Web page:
- Archibald MacLeish's last interview (1982) in American Heritage magazine disclosed, "God, how I did not like Hotchkiss!"
- Rosemary Wells' book Through the Hidden Door (1987) features the main character, Barney Penniman, who plans to attend Hotchkiss.
- Bret Easton Ellis' book American Psycho (1991) features Patrick Bateman's fiancée, Evelyn, as a Hotchkiss graduate.
- Joe Klein's book Primary Colors (1996) features the principal character, Henry Burton, as a Hotchkiss graduate frequently called "Hotchkiss".
- Jeffrey Archer's book Sons of Fortune (2002) features the protagonist, Fletcher Davenport, as a Hotchkiss graduate.
- Jay McInerney's short story "The Madonna of the Turkey Season" (2007) features a principal character, Aidan, as a Hotchkiss alumnus.
- The Mad Men TV series (2007) character Glen Bishop attends Hotchkiss. In season 5, episode 12, "Commissions and Fees," he sneaks off campus to visit Sally Draper in New York.
- "PSS Private School Universe Survey". U.S. Department of Education's National Center for Education Statistics. 2012. Retrieved November 19, 2014.
- "School Profile: The Hotchkiss School". The Association of Boarding Schools (TABS). 2014. Retrieved November 19, 2014.
- "About Hotchkiss: Who We Are". The Hotchkiss School. 2014. Archived from the original on January 1, 2015. Retrieved November 19, 2014.
- "About Hotchkiss: Administration - Craig Bradley, 15th Head of School". The Hotchkiss School. 2014. Archived from the original on February 14, 2010. Retrieved October 13, 2015.
- "About Hotchkiss: History & Traditions". Hotchkiss School. 2014. Archived from the original on November 20, 2014. Retrieved November 19, 2014.
- a "With the guidance of then President of Yale University Timothy Dwight, Maria Hotchkiss established the School in 1891 to prepare young men for Yale...Hotchkiss offers a classical education, finding strength in a traditional approach that has worked well and stood the test of time." — ¶ 2 (Strengthened by Time)
- b "The week leading up to and including “Taft Day," the Saturday in the fall when Hotchkiss teams compete against the Taft School. From kickoff night to the Friday night pep rally and bonfire to Taft Day itself, blue and white rule." — ¶ 14 (Sprit Day, right sidebar)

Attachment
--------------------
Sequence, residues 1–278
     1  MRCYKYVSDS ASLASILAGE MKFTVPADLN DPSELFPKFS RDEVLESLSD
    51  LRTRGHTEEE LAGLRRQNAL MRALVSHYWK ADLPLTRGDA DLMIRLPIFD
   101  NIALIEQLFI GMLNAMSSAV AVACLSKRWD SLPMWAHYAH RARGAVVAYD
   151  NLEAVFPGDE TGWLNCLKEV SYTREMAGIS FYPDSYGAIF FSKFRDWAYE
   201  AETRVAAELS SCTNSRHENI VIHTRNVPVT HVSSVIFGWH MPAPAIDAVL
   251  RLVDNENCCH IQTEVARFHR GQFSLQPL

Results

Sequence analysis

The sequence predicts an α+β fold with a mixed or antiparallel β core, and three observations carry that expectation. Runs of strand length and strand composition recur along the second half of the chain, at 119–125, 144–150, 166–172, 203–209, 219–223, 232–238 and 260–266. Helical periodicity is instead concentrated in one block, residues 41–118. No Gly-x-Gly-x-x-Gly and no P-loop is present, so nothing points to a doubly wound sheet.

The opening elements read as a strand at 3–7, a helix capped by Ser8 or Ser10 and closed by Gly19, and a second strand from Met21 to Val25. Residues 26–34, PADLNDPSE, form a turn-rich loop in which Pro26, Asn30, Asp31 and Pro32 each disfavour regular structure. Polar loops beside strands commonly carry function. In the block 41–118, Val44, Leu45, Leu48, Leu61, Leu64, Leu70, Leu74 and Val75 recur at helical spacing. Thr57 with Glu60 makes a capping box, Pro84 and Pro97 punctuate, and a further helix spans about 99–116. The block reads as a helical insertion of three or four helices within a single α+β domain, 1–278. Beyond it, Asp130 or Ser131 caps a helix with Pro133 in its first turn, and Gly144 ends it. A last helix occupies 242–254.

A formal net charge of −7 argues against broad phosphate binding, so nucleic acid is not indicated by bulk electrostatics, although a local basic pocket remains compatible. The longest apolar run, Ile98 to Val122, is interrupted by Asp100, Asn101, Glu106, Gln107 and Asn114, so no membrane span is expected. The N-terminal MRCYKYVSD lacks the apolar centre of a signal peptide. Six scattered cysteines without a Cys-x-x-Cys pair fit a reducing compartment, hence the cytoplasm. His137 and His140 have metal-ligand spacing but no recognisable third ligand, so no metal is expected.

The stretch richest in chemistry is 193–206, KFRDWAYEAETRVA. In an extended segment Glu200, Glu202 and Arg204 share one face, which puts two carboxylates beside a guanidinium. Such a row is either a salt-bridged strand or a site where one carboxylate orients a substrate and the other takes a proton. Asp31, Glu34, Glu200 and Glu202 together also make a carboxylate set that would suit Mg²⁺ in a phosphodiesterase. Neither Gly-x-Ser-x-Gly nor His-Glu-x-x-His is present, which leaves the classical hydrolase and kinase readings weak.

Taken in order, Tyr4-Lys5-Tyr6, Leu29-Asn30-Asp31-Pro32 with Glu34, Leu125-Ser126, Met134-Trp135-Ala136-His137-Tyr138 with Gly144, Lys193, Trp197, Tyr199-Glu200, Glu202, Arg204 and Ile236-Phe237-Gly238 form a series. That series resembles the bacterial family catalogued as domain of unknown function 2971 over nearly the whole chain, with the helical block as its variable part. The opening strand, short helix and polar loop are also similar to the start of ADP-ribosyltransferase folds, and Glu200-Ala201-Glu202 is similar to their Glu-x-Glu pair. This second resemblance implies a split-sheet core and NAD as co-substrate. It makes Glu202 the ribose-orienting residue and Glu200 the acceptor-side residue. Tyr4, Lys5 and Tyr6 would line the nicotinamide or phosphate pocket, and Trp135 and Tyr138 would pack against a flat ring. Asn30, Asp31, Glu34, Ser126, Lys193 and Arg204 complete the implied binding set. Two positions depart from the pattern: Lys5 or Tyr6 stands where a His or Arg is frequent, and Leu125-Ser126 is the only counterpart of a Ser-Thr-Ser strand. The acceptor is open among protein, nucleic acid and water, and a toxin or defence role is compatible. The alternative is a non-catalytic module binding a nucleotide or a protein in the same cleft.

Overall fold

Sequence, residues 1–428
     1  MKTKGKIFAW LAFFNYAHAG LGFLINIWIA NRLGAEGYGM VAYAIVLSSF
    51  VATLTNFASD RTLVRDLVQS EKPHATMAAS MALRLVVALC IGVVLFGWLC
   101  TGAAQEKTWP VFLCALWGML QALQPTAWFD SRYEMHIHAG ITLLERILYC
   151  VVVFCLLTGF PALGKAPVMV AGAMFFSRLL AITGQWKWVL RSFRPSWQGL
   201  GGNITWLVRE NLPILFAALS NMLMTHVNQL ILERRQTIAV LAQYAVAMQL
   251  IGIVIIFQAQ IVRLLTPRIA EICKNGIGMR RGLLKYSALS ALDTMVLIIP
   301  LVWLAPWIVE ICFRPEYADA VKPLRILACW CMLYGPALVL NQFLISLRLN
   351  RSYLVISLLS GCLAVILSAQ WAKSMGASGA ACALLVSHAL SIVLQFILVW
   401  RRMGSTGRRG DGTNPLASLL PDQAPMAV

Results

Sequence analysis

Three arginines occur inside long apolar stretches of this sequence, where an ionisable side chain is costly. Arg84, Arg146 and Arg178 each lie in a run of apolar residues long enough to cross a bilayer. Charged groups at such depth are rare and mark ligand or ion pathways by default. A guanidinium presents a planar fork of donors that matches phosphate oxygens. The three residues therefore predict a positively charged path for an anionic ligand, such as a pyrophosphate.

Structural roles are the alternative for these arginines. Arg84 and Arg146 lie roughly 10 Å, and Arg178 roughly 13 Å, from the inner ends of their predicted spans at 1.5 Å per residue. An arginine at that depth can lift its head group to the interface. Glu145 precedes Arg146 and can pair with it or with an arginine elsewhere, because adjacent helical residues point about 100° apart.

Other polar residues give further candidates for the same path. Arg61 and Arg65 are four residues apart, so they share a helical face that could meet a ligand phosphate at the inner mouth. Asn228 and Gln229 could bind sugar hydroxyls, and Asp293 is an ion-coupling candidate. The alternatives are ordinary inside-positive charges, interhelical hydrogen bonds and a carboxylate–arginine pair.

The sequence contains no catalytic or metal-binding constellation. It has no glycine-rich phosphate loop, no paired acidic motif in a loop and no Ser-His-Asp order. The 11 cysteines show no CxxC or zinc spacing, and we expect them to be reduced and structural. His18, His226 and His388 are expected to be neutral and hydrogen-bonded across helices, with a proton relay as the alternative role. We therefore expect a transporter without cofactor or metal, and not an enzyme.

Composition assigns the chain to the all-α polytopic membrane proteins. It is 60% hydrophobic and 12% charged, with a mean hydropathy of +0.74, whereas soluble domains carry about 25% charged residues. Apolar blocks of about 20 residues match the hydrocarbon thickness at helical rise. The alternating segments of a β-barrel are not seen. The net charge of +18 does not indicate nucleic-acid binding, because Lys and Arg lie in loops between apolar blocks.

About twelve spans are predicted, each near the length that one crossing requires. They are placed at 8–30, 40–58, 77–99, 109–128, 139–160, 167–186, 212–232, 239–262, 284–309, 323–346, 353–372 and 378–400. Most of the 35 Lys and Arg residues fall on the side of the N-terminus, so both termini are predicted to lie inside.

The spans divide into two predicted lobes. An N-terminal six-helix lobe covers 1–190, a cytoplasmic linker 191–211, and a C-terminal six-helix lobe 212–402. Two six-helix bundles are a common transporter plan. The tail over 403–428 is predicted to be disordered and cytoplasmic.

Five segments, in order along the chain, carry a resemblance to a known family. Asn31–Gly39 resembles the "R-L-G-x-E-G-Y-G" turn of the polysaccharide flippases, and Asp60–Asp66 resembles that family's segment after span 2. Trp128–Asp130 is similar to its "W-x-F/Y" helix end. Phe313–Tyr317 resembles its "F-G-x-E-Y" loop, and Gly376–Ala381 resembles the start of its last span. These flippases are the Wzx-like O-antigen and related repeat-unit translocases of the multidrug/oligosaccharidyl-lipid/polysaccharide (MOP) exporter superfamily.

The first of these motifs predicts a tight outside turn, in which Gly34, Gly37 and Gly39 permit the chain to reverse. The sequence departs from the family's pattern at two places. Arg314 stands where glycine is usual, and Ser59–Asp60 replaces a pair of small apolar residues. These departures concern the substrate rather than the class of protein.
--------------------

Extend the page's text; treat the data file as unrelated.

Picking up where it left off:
- c "When the Hotchkiss School opened its doors in 1892, the first 50 boys were charged a boarding tuition of $600--more than many families could afford. But fortunately, Maria Hotchkiss had insisted on something unique in allocating the funds to establish the School: Hotchkiss would offer scholarship aid to deserving students." — ¶ 3 (A 123-Year Policy)
- d "Three years later, in September 1974, 88 young women entered Hotchkiss as preps, lower-mids, upper-mids, and seniors. Today, the number of boys and girls attending Hotchkiss is roughly equal." — ¶ 4 (Coeducation)
- e "As early as 1912 students from China have come to Hotchkiss...He also enabled Hotchkiss students to study abroad by having the School join the English-Speaking Union program and through the inception of the International Schoolboy Exchange in 1928. Today, the Hotchkiss student body includes students from 34 countries, and on average 5 to 10 students study abroad each year with the School Year Abroad program. Begun by the Class of 1948, The Fund for Global Understanding provides grant support for students participating in summer community service projects throughout the world. Hotchkiss is also a member of Round Square and Global Connections..." — ¶ 5 (Globally Connected)
- f "From the beginning, Maria Hotchkiss was not interested in establishing “a school for the pampered sons of rich gentlemen.”...In the 1960s Hotchkiss began its first formal participation in minority student recruitment programs such as the U.S. Grant Program – begun by Hotchkiss graduates attending Yale – as well as A Better Chance (ABC) and the Greater Opportunity (GO) Program. The Hotchkiss connection with Prep for Prep, an organization that helps prepare minority students for academically demanding independent schools, began in the early 1980s. Today, 43 percent of Hotchkiss students identify themselves as students of color." — ¶ 6 (Lessons of Differences)
- g "Of our 600 students, 21 percent come from countries other than the U.S."— ¶ 8 (Hotchkiss Today)
- "Athletics: Bearcat Athletics". The Hotchkiss School. 2014. Retrieved November 19, 2014.
- "Taft-Hotchkiss Rivalry Heats Up: Saturday is Hotchkiss Day: Show your spirit!". Taft School. Archived from the original on November 29, 2014. Retrieved November 19, 2014.
- a "It is Spirit Week on campus as the excitement builds for Hotchkiss Day this Saturday, November 12. It will be an exciting day for Taft sports, as many of our teams travel north in the hopes of extending their winning records and defending Taft’s name against our perennial rival." — ¶ 1
- "About Hotchkiss: Life At Hotchkiss - Clubs & Activities". The Hotchkiss School. Archived from the original on January 31, 2010. Retrieved November 20, 2014.
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- Vassallo, Damien (August 2011). "RSIS South Africa Project - July 2011: Leader's Report" (PDF). Round Square. Archived from the original (PDF) on November 29, 2014. Retrieved November 19, 2014.
- "Membership - School Profiles: The Hotchkiss School". Green Schools Alliance. Archived from the original on April 2, 2015. Retrieved March 29, 2015.